deletion proteins except for UL28D4 would be expected to be

[image:5.612.352.505.67.552.2]

able to enter the nucleus in the presence of UL15. Although this

FIG. 6. Expression of HSV UL15 and HSV UL25. Vero cells grown on coverslips were transfected with plasmids to express HSV UL15 (A), HSV UL15 plus PRV UL28 (B), or HSV UL25 (C). The cells were processed for immuno-fluorescent detection of HSV UL15 (A and B) or HSV UL25 (C). Magnification, 3790.

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model accounts for UL28 distribution patterns in the absence of other viral proteins, it is inconsistent with the data for the distri-bution patterns when UL15 was coexpressed. If the effect of UL15 or another protein was to bind to the region deleted in

UL28D2, then UL28D2 would not be expected to be affected in

the presence of UL15 or other infected-cell proteins. A significant difference was seen, however (Fig. 3C, 4C, and 5D). Further work is needed to exclude one or more of these models.

The identification of a domain within UL28 that is required for UL28 to reach the nucleus is significant because the region acts unlike a typical NLS. HSV UL15 was found to be sufficient to enable PRV UL28 to enter the nucleus. Other viral proteins may also be capable of directing UL28 to the nucleus, but the inability of UL25 to direct UL28 to the nucleus suggests that the interaction is specific. It remains to be confirmed that PRV UL15 affects PRV UL28 in a similar manner. Currently, only the DNA sequence of the second exon of PRV UL15 has been reported (10). The sequences of the PRV UL15 splice junction and first exon remain to be determined. Similarly, the effect of HSV UL15 coexpression on PRV UL28 localization suggests, but does not confirm, that HSV UL15 affects HSV UL28 localization.

The degree of similarity of the required domains of the PRV UL28 and HSV UL15 proteins may contrast with that of other domains required for encapsidation of the respective virus genomes. The HSV(gCB) UL28-null mutant did not form plaques on the PRV UL28-complementing cell line V108, which suggests that there is at least one other virus-specific domain of UL28 (20). The possibility of additional indepen-dently functioning domains within UL28 is supported by the complementation of different temperature-sensitive HSV UL28 mutants (6).

The finding that HSV UL15 was capable of entering the nucleus in the absence of other proteins further substantiates the observation that UL15 enters the nucleus during infection with HSV (4, 25). The significance of the punctate pattern of UL15 (Fig. 6A) in the absence of other viral proteins is not known. The significance of the punctate pattern of UL28 in the presence of UL15 is not known, but the pattern has also been seen at early times in PRV infection (19). Another consider-ation is whether the effect on UL28 is due to UL15 or UL15.5 (3, 27) or both, since both proteins are presumably expressed in transfected cells but cannot be distinguished in immunoflu-orescence analyses by existing antisera.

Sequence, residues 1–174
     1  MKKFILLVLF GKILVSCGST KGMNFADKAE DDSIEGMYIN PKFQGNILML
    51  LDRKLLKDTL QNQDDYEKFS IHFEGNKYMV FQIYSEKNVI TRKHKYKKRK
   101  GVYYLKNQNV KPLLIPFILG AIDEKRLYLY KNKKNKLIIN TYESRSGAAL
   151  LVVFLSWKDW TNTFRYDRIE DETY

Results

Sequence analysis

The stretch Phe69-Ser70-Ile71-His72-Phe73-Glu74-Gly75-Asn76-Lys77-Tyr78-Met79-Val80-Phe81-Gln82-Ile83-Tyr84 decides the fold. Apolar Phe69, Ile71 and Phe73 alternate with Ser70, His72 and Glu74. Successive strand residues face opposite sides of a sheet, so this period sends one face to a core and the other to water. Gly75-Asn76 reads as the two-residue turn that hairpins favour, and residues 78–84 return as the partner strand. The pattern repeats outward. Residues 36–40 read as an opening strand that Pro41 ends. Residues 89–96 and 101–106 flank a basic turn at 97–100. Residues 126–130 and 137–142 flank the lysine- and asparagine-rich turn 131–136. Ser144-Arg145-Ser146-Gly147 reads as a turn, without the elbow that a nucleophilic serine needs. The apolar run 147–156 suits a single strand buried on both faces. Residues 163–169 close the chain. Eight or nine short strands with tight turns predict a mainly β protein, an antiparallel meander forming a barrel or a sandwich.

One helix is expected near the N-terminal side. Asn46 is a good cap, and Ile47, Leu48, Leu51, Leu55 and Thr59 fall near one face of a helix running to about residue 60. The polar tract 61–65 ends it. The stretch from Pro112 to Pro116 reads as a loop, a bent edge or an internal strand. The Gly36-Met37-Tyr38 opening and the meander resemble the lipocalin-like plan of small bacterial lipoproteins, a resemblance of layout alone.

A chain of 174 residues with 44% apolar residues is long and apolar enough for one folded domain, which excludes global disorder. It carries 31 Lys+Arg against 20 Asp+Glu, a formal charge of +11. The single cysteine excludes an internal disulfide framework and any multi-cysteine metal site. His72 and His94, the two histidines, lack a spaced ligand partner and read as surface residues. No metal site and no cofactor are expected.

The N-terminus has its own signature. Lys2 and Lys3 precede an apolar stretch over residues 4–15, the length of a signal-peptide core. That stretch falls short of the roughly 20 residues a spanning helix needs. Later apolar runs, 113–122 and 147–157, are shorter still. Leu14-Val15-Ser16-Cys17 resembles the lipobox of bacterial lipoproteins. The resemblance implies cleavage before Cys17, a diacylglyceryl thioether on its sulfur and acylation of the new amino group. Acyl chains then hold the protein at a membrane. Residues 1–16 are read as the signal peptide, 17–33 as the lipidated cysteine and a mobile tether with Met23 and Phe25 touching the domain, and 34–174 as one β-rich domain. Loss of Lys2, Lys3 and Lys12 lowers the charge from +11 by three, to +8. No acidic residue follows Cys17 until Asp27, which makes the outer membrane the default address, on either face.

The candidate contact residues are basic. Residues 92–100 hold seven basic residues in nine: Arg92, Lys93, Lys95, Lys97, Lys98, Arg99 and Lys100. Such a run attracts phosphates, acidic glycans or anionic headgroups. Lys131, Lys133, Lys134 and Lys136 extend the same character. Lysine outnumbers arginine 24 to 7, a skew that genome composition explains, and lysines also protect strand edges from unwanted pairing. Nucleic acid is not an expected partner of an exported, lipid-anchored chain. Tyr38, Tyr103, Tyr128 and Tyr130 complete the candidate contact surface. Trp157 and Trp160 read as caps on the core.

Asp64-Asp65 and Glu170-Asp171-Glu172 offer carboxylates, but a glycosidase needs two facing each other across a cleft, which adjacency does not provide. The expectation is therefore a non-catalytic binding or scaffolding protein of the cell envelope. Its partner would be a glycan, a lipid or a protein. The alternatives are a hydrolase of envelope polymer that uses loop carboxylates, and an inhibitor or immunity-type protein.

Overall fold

An effect of one protein involved in the packaging/cleavage reaction on another has been identified in living cells. This represents the first demonstrated potential interaction be-tween any of the proteins required for viral DNA encapsida-tion among herpesviruses. The significance is strengthened by the finding that the specificity of the interaction is maintained between different alphaherpesviruses.

ACKNOWLEDGMENTS

This work was supported by Public Health Service grant AI-32501 from the National Institute of Allergy and Infectious Diseases.

We thank John Wiley for the use of his microscope, David Gilham for pECP93, Ann Kwong for pF19-CMV, Patrick McCann for the UL25 antisera, Thomas C. Mettenleiter for use of his PRV (332-31) mutant, and Amy K. Sheaffer and James T. Casey II for critical dis-cussions.

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essential genes that map to the left half of HSV-1 ULDNA. Virology

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27. Yu, D., A. K. Sheaffer, D. J. Tenney, and S. K. Weller. 1997. Characterization of ICP6::lacZ insertion mutants of the UL15 gene of herpes simplex virus type 1 reveals the translation of two proteins. J. Virol. 71:2656–2665.

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Figure

FIG. 1. In situ detection of PRV UL28. (A) Vero cells grown on coverslipswere infected with PRV at an MOI of 0.1 and harvested 6 h postinfection for
FIG. 2. Structure of PRV UL28 protein variants. The UL28 proteins ex-pressed in cells are diagrammed to scale
FIG. 4. UL28 variant protein expression in PRV(332-31)-infected cells. Vero cells grown on coverslips were transfected with plasmids to express the indicatedproteins and infected with PRV(332-31) at an MOI of 10 24 h later
FIG. 6. Expression of HSV UL15 and HSV UL25. Vero cells grown oncoverslips were transfected with plasmids to express HSV UL15 (A), HSV UL15

References